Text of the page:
Shameful behaviour by government in forcing development cuts – Carmichael

Orkney and Shetland MP, Alistair Carmichael, has condemned the government’s “smallminded” vote to cut international development funding today. The government proposed to make a return to 0.7% GNI spending on international aid contingent on strict fiscal rules, which economists have suggested may not be met for years to come – and would only have been met once in the past 20 years. Critics, including all living former Prime Ministers, have warned that the sweeping cuts to aid will put many lives at risk due to famine and disease. The cuts break a manifesto commitment made by the Conservatives and all major parties in the last election. Former minister Damien Green has suggested that the vote was won through job offers to Conservative MPs.

Oxfam GB chief executive Danny Sriskandarajah described the vote as "a disaster for the world's poorest people".

Daniel Willis, of the campaign group Global Justice Now, said: "When the inevitable death and suffering from aid cuts hits the news, each and every MP who has voted to sever the UK's 0.7% commitment should know that blood is on their hands."

The 0.7% spending commitment was a major policy of the Liberal Democrats during the Coalition Government, implemented through a Private Member’s Bill from former MP, Michael Moore.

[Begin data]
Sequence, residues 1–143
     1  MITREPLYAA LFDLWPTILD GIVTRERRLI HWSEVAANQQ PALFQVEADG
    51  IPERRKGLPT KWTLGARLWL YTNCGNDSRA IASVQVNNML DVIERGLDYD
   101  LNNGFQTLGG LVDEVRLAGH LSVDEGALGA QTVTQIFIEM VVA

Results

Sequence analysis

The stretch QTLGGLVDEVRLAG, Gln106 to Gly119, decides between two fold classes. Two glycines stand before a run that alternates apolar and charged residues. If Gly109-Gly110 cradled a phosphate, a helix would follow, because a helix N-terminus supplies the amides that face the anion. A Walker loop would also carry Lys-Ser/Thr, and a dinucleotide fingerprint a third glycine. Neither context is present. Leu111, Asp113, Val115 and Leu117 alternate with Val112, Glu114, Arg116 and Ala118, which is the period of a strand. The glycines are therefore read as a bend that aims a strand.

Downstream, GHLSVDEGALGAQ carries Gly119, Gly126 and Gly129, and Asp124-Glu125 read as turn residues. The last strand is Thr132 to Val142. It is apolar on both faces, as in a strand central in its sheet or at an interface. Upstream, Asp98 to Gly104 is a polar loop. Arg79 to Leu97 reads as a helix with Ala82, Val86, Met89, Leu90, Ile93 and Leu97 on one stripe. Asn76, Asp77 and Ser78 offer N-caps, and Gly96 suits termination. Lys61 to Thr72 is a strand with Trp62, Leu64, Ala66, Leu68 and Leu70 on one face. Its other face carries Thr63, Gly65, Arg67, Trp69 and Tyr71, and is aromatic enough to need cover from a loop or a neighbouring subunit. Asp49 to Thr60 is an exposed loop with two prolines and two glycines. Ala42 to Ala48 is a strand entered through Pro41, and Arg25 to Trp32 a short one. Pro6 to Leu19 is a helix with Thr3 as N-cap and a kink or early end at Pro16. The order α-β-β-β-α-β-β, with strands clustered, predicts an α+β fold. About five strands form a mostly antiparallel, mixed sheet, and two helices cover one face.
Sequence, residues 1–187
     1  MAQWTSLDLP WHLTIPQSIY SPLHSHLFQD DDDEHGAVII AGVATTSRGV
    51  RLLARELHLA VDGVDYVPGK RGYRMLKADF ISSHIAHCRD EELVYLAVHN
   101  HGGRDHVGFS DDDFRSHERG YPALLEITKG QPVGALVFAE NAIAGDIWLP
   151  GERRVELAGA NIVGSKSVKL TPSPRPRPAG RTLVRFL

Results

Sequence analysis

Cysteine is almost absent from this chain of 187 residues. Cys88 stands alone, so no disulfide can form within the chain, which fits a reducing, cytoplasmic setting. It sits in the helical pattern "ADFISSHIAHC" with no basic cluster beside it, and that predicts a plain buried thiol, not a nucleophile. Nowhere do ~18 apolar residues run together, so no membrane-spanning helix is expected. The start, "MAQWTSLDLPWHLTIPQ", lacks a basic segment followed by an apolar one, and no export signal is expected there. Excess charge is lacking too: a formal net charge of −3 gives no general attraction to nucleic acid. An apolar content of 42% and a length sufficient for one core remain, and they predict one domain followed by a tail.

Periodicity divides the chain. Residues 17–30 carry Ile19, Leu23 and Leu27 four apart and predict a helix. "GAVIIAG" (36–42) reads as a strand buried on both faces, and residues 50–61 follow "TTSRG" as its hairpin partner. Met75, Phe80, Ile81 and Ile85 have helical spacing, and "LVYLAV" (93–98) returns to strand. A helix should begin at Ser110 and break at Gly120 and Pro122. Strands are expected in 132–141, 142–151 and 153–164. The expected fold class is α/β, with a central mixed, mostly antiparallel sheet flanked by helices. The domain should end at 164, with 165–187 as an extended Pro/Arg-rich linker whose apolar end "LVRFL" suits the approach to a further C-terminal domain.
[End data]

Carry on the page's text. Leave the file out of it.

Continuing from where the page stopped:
Speaking after the vote, Mr Carmichael said:

“The Chancellor in his speech managed to make a great case for UK development funding – while rallying Tory MPs to vote to axe it. It was, however, frankly shameful for him to stand up after the vote and pretend that this government has any interest or intent to restore international development spending even as it cuts it to the bone.

“Rumours are already swirling that Boris Johnson only got this through by offering patronage and jobs to half of his party. This government's actions in muscling through its smallminded cuts cast a shadow over our Parliament.

“International aid is good for our security, for the stability of the global economy and for all of our futures, but most importantly it is the right thing to do. When we passed the 0.7% commitment our country grew in moral stature. Today’s effective repeal diminishes us.”

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